For its part, the government is maintaining that all government appointees are expected to go along with the government's position. If the approach to this issue is not tantamount to dictatorship, then I do not know what is.
The majority of members of the CWB's board of directors, who are elected by producers, want to keep the single desk model set out in the Canadian Wheat Board Act. Moreover, on Sunday, four out of five board members were elected. They are in favour of maintaining the Canadian Wheat Board as is. I think that the message to the Conservatives is clear.
In previous discussions in committee and in the House, it was said that the Conservatives were doing what they pleased, that they should not flout section 47.1 of the Canadian Wheat Board Act and that they should not ignore the opinion of producers. To that, the Conservatives replied that, on January 23, they had been given a mandate that entitled them to do what they were doing.
Imagine, Mr. Speaker, according to the Conservatives, everyone who voted for them on January 23, was in favour of later dismantling the Canadian Wheat Board, when we know that people choose to vote one way or another for a number of reasons. You, yourself, are an MP, Mr. Speaker. I believe that in your own riding—and you have been there for some time—people surely have voted for you in one election and not in another for their own reasons because a party promised something that, in their work or family life, was very important.
In my opinion, we have to look at a party's entire platform and not just one topic, in order to say that since people elected us it is entirely acceptable to act a certain way because it was their choice. Well, wait just a minute. We are talking about the Canadian Wheat Board here and wheat producers. I do not think that all these people voted for the Conservatives. And even if they did, they voted for a government. This was not a plebiscite, like we would have on a specific issue. There is a difference between voting in an election and voting in a referendum on a very specific issue.
I do not think it is correct to say that we can do whatever we want because people voted for us in the last election. I could do the same. I too was democratically elected on January 23 and in 2004. In my riding, I am not about to say that I can do whatever I want or whatever I think because the people have spoken and that is the end of it.
I still have to go meet people, talk to them and discuss things with them—as I do every weekend—to get a feel for what the population wants. I know my region well and I have to represent what the majority of people in my region want. That makes perfect sense, and the government should do the same.
Bloc Québécois members have no desire to endanger a collective marketing tool used by 85,000 wheat and barley producers in the west. I talked earlier about comparing them to Quebec producers. We were also accused of knowing nothing about this because we are from Quebec. Earlier, I heard people tell folks from Prince Edward Island and Ontario to leave them alone. I am sorry, but as the NDP member said just now during questions and comments, I get hundreds and hundreds of letters from western producers asking me not to forget about them.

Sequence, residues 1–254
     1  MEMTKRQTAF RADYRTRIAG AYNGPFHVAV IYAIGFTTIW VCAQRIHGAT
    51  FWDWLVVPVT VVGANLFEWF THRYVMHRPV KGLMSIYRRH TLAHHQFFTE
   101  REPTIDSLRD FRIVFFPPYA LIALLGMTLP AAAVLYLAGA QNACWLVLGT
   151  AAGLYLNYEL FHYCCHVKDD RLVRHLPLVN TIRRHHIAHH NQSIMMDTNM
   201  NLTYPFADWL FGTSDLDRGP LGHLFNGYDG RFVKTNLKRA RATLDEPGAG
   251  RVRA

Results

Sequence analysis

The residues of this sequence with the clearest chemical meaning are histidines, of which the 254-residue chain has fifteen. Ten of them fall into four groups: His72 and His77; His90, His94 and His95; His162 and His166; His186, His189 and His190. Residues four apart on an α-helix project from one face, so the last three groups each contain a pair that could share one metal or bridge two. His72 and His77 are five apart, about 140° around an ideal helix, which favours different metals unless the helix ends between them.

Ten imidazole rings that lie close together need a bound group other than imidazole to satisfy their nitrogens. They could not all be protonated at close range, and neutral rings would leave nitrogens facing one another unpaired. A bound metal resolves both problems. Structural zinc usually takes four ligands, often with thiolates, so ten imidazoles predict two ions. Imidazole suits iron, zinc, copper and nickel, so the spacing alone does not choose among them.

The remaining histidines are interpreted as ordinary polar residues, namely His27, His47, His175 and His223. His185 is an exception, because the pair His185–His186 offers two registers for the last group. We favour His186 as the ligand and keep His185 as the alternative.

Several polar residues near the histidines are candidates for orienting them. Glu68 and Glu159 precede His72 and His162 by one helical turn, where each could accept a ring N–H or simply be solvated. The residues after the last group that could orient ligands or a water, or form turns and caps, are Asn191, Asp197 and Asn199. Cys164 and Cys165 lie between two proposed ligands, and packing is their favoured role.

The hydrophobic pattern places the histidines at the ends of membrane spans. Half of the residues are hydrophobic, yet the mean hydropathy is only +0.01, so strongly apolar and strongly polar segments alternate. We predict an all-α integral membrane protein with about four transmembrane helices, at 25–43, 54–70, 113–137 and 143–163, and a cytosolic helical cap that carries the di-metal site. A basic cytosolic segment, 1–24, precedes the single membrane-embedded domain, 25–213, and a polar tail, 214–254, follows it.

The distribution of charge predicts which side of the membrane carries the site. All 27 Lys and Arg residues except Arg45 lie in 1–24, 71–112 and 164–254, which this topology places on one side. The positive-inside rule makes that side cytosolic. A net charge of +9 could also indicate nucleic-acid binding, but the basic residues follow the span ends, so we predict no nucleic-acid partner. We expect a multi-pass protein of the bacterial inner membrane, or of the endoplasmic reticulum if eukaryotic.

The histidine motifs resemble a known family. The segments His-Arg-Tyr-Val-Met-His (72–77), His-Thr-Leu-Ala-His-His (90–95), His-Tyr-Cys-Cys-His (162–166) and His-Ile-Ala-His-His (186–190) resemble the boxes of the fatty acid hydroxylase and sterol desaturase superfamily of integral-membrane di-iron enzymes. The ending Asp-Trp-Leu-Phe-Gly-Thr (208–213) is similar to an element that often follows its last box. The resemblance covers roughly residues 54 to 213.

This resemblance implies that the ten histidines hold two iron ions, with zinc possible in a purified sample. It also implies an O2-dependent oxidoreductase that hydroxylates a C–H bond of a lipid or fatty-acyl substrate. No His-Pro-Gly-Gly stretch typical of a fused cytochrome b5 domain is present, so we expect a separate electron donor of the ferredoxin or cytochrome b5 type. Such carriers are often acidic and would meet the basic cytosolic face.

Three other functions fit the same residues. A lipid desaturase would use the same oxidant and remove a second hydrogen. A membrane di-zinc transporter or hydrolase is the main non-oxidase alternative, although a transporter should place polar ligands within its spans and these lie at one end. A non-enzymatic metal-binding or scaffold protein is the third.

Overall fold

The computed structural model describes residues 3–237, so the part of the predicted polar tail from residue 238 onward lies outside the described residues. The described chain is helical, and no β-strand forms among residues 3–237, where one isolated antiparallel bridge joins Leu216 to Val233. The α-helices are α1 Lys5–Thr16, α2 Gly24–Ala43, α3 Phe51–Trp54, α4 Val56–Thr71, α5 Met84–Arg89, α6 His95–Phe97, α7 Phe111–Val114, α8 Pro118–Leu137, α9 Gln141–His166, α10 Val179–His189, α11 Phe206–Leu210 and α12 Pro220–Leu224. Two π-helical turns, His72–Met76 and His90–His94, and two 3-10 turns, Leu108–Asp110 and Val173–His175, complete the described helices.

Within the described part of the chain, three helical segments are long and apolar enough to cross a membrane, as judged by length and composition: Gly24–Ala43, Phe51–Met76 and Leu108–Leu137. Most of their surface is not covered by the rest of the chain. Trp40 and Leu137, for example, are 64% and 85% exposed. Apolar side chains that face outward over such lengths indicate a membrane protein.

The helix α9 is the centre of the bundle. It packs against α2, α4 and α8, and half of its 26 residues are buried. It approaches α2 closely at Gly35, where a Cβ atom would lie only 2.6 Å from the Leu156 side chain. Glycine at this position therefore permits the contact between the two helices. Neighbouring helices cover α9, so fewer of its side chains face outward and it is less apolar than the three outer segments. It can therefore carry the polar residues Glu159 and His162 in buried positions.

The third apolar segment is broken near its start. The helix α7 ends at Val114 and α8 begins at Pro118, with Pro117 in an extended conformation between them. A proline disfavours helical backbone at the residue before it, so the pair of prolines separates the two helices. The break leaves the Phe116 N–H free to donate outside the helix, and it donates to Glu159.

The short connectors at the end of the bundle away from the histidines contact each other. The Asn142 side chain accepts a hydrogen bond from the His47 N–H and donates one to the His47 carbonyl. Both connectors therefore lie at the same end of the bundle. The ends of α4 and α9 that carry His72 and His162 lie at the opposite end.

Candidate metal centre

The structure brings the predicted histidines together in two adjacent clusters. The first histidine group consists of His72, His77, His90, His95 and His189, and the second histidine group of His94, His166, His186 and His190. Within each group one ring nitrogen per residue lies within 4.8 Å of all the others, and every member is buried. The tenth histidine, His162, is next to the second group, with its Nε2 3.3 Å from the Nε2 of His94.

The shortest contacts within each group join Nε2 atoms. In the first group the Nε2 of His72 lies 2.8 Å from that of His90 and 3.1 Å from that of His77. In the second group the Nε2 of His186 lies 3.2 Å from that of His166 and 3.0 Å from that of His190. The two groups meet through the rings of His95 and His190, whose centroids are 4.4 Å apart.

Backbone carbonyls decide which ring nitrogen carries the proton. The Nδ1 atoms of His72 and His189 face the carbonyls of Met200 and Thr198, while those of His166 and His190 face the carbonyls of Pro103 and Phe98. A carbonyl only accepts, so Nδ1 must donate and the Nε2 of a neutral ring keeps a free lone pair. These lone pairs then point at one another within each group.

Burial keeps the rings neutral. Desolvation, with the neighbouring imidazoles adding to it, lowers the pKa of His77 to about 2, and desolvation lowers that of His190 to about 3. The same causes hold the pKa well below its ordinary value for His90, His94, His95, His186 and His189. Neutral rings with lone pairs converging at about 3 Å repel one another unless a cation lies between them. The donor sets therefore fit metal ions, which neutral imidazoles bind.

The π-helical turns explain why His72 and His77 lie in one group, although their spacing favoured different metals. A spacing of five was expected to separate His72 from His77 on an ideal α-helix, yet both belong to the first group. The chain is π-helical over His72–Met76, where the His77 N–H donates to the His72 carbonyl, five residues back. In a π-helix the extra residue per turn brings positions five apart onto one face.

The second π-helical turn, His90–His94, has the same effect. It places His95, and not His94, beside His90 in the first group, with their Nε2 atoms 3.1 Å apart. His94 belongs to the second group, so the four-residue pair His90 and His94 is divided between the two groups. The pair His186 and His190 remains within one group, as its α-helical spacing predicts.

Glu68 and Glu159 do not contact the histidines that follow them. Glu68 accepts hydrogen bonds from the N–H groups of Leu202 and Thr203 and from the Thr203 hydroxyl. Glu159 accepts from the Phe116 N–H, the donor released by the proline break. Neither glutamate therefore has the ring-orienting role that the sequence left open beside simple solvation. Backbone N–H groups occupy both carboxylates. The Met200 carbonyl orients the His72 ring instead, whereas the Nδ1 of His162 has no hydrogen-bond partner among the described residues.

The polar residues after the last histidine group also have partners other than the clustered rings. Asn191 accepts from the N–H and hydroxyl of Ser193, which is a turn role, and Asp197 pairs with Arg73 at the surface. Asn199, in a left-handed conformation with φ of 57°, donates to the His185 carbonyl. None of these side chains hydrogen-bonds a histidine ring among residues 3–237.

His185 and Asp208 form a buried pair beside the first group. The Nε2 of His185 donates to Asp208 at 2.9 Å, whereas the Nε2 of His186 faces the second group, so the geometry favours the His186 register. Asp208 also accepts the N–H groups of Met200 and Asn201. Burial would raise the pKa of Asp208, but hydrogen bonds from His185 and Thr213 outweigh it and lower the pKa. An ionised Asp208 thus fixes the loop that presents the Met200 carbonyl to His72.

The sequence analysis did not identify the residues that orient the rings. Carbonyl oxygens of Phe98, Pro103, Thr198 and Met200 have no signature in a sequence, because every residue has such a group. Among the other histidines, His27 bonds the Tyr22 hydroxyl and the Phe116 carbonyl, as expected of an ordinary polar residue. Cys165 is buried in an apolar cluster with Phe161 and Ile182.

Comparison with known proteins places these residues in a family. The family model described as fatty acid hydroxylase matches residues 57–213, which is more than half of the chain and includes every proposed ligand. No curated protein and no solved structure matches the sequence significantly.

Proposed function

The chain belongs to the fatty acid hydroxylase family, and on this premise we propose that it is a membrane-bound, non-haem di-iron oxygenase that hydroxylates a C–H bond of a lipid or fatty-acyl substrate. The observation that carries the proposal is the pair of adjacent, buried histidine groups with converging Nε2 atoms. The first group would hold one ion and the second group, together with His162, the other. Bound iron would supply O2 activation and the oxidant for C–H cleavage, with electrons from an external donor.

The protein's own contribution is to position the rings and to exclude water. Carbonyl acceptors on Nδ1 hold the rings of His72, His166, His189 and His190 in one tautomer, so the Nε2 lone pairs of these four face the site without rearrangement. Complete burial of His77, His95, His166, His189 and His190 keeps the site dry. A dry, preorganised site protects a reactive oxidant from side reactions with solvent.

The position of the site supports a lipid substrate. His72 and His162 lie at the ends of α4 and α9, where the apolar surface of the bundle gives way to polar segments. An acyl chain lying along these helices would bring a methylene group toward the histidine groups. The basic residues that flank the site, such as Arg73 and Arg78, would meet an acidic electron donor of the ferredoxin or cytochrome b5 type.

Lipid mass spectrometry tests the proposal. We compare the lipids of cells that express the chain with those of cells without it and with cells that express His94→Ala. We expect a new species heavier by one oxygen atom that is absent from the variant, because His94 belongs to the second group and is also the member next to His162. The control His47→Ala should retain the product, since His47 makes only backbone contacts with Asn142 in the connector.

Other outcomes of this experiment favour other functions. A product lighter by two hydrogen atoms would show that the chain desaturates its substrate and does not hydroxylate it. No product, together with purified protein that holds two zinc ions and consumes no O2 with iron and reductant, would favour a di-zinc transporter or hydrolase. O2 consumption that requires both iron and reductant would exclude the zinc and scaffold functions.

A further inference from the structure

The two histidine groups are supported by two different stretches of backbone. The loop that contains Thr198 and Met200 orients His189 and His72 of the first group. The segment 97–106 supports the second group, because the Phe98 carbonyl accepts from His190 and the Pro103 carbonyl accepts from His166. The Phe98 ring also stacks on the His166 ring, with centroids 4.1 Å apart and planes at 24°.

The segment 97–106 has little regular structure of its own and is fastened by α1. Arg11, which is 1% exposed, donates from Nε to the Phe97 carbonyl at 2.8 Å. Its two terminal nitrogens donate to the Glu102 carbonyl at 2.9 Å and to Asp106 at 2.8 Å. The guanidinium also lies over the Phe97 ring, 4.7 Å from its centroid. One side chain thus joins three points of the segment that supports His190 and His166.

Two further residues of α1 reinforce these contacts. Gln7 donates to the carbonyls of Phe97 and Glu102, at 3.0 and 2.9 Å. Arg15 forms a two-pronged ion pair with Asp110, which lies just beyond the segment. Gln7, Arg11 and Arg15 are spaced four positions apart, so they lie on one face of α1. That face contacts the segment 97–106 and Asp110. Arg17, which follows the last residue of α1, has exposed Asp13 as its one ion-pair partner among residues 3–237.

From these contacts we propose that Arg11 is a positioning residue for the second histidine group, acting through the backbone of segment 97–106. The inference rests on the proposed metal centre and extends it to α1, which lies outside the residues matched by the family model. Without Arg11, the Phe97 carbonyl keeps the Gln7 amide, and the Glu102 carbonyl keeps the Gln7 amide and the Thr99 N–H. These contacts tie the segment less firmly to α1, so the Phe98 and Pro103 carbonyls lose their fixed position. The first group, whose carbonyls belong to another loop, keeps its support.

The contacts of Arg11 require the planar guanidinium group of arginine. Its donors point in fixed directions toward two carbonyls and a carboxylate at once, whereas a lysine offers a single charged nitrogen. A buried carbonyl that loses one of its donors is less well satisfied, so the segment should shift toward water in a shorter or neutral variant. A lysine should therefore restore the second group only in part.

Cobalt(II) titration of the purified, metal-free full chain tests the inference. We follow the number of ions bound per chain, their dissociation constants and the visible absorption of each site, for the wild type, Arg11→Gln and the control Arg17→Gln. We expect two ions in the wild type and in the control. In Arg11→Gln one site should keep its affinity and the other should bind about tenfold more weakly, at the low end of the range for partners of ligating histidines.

Obviously, I do not represent people from the west. As my party's agriculture critic, I think I have a responsibility—as do all members of this House—for all of the issues that come before us. If we do not take a stand, or if we do not pay attention to all of the issues that come up, how can we look in the mirror every morning and tell ourselves we are doing our jobs and accomplishing the work for which we are being paid?
Like Quebec producers, I—as agriculture critic and defender of the interests of Quebec agricultural producers—fear that the Conservative government will go after another one of Canada's very important collective marketing tools: supply management. We know that 40% of Quebec's agricultural economy depends on supply management. I am talking about dairy, egg—for eating and for hatching—poultry and turkey producers.
So, these people are very concerned about what is happening at the moment. We know exactly why the other countries criticize us during WTO negotiations. They are critical of these two collective marketing tools, which are not, however, subsidies. We in the Bloc Québécois even invited the ambassadors of various countries to come here in order to explain to them just what supply management means. Increasingly, people understand and are interested in what is happening in Quebec and elsewhere in Canada where supply management is used.
Despite all that, during negotiations, these two tools are always blamed for all the ills. They are tools that countries wanting to take over our markets would like to see destroyed. If the Conservative government approved or arranged the dismantling of the Canadian Wheat Board, other countries would be delighted and would want to know about the state of supply management. This is why this matter is of such concern to us.
Let us consider the comments by the minister, who told us in committee that, no matter what happens, if there is an agreement at the WTO, the government will have to sign it. It is the “no matter what happens” that sets off an alarm bell for me. I tell myself that, if we have to make concessions on supply management, the government will simply dismantle it and thus throw the entire farm economy in Quebec into disarray.
We can certainly not allow such a message to go out . When the minister says this in committee, his remarks are public and heard by people throughout the world following the proceedings of the Standing Committee on Agriculture and Agri-Food. We are in the age of globalization, with the Internet and so on. With such technology, people are well aware of what goes on, of what the minister and members are saying, and we must weigh our words carefully when we say that Canada will sign an agreement in the end, regardless.
Furthermore, the Director-General of the World Trade Organization, Pascal Lamy, said that concessions will have to be made sooner or later by both the Canadian Wheat Board and the supply management system, because that is what other countries are demanding.